Elizabeth Rader's blog

New York Law Journal on Tiffany v. eBay

Thursday August 19th, the NYLJ has this article about Tiffany's suit against eBay for direct and contributory trademark infringement over using its name as a keyword for links that send Internet customers to eBay auctions and failing to prevent auctions of counterfeit Tiffany products. New York is a town that knows its knockoffs, and that lots of shoppers want a bag they can afford that says "Louis Vuitton" and don't care a fig where it comes from or how it's made. Read more about New York Law Journal on Tiffany v. eBay

checks, not chants

More grassroots online organizing. Filmmaker Jack Cushman has launched Realprotest.org, a website about protesting the Republican National Convention. The site urges that rather than attend the controversial, well-off-site protest, you go to your job instead, but donate your wages for the time you would have spent demonstrating to MoveOn for their "Leave no voter behind" campaign, which concentrates on swing states. Read more about checks, not chants

Open Source, Free Software and soon.. Commonware

From Creative Commons, this announcement of a discussion group led by Marshall Van Alstyne of MIT, concerning creative commons licenses specifically for software. There are already multiple off-the-shelf licenses meant to express "some rights reserved" for software, but these tend to be one-size-fits-all, and, in the case of the GPL, even intentionally ambiguous. Read more about Open Source, Free Software and soon.. Commonware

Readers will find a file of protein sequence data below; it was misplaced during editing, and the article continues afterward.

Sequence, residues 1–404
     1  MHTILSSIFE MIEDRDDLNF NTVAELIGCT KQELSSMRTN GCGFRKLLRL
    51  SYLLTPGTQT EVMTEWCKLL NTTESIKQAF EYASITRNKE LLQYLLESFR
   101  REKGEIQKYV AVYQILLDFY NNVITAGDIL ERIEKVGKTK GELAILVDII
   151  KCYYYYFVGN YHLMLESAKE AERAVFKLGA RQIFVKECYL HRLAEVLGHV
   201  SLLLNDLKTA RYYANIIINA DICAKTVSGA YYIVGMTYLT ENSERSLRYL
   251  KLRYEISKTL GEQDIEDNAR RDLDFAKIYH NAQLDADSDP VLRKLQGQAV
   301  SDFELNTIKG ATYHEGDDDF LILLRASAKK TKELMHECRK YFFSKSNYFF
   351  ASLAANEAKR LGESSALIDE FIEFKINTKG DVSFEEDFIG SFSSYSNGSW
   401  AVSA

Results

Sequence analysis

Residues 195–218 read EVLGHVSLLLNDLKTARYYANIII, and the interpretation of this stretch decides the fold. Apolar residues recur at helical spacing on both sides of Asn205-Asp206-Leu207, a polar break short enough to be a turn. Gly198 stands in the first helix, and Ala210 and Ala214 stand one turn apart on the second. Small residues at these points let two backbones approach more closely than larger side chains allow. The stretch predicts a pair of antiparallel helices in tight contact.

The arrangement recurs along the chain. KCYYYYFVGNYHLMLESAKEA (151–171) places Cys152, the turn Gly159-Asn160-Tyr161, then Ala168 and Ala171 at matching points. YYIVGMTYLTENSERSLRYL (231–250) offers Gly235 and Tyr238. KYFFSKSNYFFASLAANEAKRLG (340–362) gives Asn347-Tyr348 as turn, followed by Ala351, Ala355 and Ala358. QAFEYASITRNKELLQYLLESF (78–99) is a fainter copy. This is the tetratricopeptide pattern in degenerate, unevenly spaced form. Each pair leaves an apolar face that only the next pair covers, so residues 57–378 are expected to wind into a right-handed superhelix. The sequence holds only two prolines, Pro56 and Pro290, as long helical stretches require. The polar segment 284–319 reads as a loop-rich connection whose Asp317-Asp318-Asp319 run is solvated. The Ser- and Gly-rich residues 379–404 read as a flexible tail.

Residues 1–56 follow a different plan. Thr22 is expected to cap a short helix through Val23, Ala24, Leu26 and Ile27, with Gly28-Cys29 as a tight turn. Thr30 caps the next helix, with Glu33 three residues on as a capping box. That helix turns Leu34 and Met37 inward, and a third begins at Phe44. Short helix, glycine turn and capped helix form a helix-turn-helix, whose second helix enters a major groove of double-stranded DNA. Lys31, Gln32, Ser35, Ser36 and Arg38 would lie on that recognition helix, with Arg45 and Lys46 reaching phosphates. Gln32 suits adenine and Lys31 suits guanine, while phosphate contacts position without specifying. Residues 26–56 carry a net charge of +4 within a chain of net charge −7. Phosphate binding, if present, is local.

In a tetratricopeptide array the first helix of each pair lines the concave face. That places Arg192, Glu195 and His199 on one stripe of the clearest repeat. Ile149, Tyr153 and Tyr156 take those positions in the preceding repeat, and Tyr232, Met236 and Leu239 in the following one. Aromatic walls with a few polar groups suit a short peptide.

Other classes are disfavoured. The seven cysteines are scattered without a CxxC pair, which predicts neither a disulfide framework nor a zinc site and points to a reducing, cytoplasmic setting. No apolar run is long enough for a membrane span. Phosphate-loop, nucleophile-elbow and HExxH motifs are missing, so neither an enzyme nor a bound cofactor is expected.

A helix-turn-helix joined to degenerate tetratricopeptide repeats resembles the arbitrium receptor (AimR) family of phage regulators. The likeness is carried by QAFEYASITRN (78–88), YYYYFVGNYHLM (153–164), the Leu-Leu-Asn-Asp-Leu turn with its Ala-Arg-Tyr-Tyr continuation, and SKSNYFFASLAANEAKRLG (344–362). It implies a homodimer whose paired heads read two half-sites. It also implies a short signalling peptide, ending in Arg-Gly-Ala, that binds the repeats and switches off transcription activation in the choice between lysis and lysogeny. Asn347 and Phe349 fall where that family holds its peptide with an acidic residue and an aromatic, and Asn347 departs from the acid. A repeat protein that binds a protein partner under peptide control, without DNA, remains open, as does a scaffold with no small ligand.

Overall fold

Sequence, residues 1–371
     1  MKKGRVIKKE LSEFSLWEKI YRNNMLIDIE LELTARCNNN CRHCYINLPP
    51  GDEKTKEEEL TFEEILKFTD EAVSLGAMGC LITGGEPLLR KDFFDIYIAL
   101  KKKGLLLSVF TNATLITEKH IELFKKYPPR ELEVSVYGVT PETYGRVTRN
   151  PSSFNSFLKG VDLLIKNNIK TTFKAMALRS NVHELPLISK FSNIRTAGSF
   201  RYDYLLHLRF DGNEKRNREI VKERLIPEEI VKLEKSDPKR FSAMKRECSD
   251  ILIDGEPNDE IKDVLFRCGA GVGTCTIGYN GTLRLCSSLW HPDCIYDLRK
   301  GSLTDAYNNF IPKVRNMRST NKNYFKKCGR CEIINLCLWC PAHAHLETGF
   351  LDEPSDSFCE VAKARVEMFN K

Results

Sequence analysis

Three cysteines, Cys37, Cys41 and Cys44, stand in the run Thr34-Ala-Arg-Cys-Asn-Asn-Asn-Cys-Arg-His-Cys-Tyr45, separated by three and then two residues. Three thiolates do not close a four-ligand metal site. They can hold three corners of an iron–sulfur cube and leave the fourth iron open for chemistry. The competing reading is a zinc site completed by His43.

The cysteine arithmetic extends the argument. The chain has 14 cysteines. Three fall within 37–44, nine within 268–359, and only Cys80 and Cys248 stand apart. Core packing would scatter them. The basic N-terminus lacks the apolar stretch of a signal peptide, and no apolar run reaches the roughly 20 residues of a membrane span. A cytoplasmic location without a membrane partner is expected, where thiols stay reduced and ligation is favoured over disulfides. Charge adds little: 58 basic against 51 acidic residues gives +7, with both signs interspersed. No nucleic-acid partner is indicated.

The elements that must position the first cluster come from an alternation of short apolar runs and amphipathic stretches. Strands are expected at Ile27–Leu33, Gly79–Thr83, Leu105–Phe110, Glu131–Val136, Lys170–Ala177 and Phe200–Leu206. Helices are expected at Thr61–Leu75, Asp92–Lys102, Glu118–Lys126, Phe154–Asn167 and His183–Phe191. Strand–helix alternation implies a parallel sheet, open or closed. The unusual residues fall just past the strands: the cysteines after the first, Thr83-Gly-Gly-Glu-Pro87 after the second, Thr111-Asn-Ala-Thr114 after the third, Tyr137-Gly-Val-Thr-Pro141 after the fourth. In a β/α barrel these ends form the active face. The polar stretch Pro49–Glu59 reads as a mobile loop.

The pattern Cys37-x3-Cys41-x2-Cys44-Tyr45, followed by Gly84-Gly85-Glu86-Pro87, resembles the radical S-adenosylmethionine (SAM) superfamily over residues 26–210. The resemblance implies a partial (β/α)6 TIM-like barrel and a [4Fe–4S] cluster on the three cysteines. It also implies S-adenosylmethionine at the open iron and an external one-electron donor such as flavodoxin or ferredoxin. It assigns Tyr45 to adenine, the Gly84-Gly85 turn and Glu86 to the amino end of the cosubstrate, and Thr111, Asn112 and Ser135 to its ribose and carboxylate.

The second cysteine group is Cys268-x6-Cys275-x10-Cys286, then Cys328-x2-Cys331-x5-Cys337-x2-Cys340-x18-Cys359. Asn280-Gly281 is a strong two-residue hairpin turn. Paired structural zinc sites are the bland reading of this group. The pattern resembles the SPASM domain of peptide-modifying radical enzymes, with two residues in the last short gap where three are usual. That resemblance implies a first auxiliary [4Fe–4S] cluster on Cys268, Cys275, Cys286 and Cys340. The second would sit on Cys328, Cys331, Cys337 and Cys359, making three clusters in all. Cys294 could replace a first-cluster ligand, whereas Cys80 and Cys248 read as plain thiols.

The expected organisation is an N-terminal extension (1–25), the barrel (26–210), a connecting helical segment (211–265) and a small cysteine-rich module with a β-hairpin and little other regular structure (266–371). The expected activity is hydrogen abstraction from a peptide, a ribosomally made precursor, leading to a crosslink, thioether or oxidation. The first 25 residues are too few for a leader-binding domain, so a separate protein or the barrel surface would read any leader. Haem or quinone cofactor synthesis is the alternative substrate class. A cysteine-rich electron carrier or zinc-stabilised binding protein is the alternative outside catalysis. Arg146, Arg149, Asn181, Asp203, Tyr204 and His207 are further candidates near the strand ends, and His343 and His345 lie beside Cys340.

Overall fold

Homeland what?

Today I went to the post office to take care of renewing my passport. This is a sad day, because I actually liked my old passport photograph, taken with good lighting so that it actually looks like me, wearing my old leather jacket that's been everywhere and still looks the same. My old passport is also green, an artifact from a very short period in 1993-94 when the US issued green passports. They were not a success, I guess. Just luck that I got one, but I liked my green passport . That's ok. On my new passport picture my hair looks sort of green. Read more about Homeland what?

eBay sets more precedent in online defamation jurisprudence

Today's Recorder has an article by Brenda Sandburg about the California Court of Appeals' decision in Grace v. Ebay, a suit seeking to hold eBay liable for defamatory feedback left about the plaintiff, an eBay seller. The Court upheld a provision in eBay's user agreement protecting eBay from liability for feedback, but rejected a defense based on the California Decency Act. Read more about eBay sets more precedent in online defamation jurisprudence

Move Over Markman- The Federal Circuit Takes a Claim Construction case en banc

Suuuueeee, feeding time for patent litigators (and patent avengers!). The Federal Circuit has issued an Order taking en banc a case called "Phillips" about how patent claims should be construed. Call it Markman II, call it Markman's Revenge, Escape from the Planet Markman or what you will, this is all that patent lawyers are going to be talking about for the next 18 months or so. Pricking a long-festering blister, the Court wants to hear about what kinds of evidence the Judge can consider to interpret those pesky claims- what kinds of documents, what kinds of testimony. Read more about Move Over Markman- The Federal Circuit Takes a Claim Construction case en banc

Derek and the Downloads

Derek Slater at A Copyfighter's Musings is all over the eBay digital download experiment, exploring whether the first sale doctrine can apply to digital copies of works. When you sell a used cd, there is at least some chance that you haven't ripped it to your computer's hard drive before doing so. With digital files, you can't transfer the file without copying it in the process. Read more about Derek and the Downloads


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